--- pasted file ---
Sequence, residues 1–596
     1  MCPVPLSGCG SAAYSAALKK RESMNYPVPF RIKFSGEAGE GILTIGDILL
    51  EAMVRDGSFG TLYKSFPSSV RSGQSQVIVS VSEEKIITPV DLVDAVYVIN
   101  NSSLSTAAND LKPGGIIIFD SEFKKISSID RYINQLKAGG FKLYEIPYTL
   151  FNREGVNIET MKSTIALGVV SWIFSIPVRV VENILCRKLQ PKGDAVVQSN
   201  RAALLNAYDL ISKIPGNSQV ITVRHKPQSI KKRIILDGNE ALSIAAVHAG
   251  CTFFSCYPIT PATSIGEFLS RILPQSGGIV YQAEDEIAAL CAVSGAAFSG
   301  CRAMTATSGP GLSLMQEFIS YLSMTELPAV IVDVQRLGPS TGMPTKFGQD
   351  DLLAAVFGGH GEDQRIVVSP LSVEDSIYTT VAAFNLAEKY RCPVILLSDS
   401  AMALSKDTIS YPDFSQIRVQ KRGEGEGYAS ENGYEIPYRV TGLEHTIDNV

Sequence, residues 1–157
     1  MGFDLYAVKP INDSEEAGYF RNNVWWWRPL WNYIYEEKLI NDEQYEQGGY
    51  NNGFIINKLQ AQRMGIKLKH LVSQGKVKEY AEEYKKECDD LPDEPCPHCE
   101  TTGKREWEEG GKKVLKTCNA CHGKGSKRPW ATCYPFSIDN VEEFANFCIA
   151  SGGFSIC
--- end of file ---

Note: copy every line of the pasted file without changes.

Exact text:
Sequence, residues 1–596
     1  MCPVPLSGCG SAAYSAALKK RESMNYPVPF RIKFSGEAGE GILTIGDILL
    51  EAMVRDGSFG TLYKSFPSSV RSGQSQVIVS VSEEKIITPV DLVDAVYVIN
   101  NSSLSTAAND LKPGGIIIFD SEFKKISSID RYINQLKAGG FKLYEIPYTL
   151  FNREGVNIET MKSTIALGVV SWIFSIPVRV VENILCRKLQ PKGDAVVQSN
   201  RAALLNAYDL ISKIPGNSQV ITVRHKPQSI KKRIILDGNE ALSIAAVHAG
   251  CTFFSCYPIT PATSIGEFLS RILPQSGGIV YQAEDEIAAL CAVSGAAFSG
   301  CRAMTATSGP GLSLMQEFIS YLSMTELPAV IVDVQRLGPS TGMPTKFGQD
   351  DLLAAVFGGH GEDQRIVVSP LSVEDSIYTT VAAFNLAEKY RCPVILLSDS
   401  AMALSKDTIS YPDFSQIRVQ KRGEGEGYAS ENGYEIPYRV TGLEHTIDNV

Sequence, residues 1–157
     1  MGFDLYAVKP INDSEEAGYF RNNVWWWRPL WNYIYEEKLI NDEQYEQGGY
    51  NNGFIINKLQ AQRMGIKLKH LVSQGKVKEY AEEYKKECDD LPDEPCPHCE
   101  TTGKREWEEG GKKVLKTCNA CHGKGSKRPW ATCYPFSIDN VEEFANFCIA
   151  SGGFSIC